A poignant romantic drama examines the life of gay 26 year old, ex-monk, school teacher living in Manhattan. When he meets a man at a gay bar, they connect and are soon living together. Unfortunately their views on monogamy don't match.
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When David, an ex-monk still in his twenties meets Mark, he falls hard; soon he's asked Mark if they can live together. Things go well for awhile, and then differences in their definition of "commitment" begin to push them apart. Mark wants other sexual adventures, David tries to go along. Can they talk through the crisis in their relationship or is a breakup in the offing? David sees his relationship with Mark as a marriage, so if it ends, can David's heart ever heal? Written by
Coincidentally, Vito Russo, appears in A Very Natural Thing in a bit part, was the writer of the book, The Celluloid Closet (1995), which was made into an award-winning documentary, of the same name, in 1995, which was seven years and five years, respectively, after the deaths of 'Christopher Larkin (I) and Vito Russo. See more »
"A Very Natural Thing," according to sources I've read, was one of the first films to show gay men candidly as people. The two principle characters could be anyone. They don't fall easily into stereotypes which plague gay-themed films, even today in the late 1990s.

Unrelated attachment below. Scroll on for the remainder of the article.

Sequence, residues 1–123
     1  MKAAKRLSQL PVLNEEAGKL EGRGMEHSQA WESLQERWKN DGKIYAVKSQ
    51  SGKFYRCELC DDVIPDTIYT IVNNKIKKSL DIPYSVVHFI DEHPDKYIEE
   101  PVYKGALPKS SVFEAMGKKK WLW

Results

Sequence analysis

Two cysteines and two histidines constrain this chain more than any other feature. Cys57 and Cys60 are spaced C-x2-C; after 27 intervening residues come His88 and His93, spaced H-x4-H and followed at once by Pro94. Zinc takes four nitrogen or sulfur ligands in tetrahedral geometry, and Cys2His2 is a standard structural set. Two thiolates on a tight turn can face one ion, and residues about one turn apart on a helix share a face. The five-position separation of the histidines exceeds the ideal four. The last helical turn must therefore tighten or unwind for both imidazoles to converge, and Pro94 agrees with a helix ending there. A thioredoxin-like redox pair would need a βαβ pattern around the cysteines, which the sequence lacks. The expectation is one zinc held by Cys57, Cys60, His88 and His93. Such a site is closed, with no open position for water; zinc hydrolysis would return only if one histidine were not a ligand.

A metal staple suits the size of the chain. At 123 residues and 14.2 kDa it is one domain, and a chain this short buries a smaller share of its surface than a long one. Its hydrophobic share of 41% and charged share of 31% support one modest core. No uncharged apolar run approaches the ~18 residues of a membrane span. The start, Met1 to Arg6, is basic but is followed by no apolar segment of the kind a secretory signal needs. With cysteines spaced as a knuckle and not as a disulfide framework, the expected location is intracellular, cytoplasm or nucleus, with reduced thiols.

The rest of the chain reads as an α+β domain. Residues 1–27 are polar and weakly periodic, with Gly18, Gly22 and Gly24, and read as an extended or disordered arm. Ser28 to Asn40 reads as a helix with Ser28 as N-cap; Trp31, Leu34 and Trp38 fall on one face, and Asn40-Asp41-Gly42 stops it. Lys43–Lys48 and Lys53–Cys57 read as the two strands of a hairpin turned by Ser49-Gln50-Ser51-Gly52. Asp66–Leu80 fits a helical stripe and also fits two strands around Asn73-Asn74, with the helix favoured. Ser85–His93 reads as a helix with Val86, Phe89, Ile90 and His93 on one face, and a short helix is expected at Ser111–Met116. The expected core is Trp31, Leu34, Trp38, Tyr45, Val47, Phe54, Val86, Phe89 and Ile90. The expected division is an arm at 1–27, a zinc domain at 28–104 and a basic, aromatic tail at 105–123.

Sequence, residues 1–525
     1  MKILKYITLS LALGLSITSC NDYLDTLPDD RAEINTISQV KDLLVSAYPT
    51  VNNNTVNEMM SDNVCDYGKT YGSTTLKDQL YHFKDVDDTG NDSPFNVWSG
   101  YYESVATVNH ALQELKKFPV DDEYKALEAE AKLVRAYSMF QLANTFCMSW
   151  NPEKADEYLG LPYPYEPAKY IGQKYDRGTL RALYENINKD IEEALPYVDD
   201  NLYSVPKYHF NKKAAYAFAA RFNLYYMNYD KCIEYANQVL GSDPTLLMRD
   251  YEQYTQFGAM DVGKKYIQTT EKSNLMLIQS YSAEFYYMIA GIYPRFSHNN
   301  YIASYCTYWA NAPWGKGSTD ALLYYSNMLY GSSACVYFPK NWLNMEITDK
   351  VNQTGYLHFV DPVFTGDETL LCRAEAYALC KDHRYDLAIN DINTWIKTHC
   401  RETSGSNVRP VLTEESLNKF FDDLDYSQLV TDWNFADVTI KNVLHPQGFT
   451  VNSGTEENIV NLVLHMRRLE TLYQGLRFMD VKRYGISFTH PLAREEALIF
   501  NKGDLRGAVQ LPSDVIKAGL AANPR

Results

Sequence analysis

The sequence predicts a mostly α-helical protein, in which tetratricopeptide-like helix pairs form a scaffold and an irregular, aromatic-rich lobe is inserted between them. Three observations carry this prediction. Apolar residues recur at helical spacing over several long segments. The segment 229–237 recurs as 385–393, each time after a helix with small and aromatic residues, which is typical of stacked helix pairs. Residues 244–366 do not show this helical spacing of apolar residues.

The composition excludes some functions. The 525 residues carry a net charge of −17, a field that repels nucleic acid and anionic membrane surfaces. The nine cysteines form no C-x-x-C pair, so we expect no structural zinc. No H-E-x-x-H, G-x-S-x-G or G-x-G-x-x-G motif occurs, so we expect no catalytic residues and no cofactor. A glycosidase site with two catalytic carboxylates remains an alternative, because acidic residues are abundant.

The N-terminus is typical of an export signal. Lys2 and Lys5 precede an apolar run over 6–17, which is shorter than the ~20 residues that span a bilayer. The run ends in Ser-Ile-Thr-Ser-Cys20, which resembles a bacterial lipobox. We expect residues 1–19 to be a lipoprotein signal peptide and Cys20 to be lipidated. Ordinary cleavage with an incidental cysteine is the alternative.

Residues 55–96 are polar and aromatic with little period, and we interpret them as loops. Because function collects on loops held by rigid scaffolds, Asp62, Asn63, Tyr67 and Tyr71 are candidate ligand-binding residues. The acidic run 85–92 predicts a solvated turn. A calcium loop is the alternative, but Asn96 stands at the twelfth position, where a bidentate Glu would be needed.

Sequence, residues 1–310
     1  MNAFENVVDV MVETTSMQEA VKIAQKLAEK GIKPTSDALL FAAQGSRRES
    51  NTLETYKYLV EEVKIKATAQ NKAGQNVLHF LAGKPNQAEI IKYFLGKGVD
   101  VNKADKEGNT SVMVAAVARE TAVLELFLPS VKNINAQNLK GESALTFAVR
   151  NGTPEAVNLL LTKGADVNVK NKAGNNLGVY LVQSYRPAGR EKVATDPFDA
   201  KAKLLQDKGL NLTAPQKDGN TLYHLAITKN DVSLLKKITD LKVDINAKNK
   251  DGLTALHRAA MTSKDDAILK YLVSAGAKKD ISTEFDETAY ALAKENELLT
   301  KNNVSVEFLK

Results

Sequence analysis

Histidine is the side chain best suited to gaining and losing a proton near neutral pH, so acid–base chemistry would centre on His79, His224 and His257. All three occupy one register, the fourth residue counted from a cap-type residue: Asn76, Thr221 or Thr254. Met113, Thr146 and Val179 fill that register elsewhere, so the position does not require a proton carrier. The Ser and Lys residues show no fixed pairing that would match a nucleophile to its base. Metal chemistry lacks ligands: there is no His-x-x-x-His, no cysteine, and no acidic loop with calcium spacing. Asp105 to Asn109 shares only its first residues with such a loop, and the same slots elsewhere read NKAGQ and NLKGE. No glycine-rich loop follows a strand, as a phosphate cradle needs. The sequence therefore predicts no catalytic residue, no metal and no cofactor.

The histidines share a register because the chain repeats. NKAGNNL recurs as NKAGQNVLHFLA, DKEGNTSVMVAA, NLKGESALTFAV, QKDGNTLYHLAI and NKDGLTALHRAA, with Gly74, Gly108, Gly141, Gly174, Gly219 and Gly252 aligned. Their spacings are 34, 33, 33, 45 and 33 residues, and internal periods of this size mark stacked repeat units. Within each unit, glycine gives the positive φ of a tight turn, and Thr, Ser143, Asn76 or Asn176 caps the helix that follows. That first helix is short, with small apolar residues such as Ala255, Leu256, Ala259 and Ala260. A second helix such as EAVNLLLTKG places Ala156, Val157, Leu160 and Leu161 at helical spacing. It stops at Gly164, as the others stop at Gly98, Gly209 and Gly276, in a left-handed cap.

This film definitely has the look and the feel of its times, the mid-70s. It's fascinating to see how people dressed, the way they talked, what cars they drove, even how they cut their hair. It's also interesting to look at gay lifestyles in this period setting. This was before AIDS/HIV, and unprotected sex was the norm. It takes place just at the beginnings of the 70s age of sexual liberation, not only for gays, but people in general as well. (For another view of the period see BOOGIE NIGHTS or the TALES OF THE CITY series.)
But the most important part of the film is the relationship between the two, psychologically different characters who meet in a dance club, fall in love, and live together. It could be two people today. It shows what two average gay men might experience living together.
I cross-referenced some of the people who made this film. Few went on to do anything else in movies. I think only one made it into the '80s in a mainstream film.
The film has low-budget production values from the period. I didn't find that so much distracting as endearing. It made the film all that much more real.
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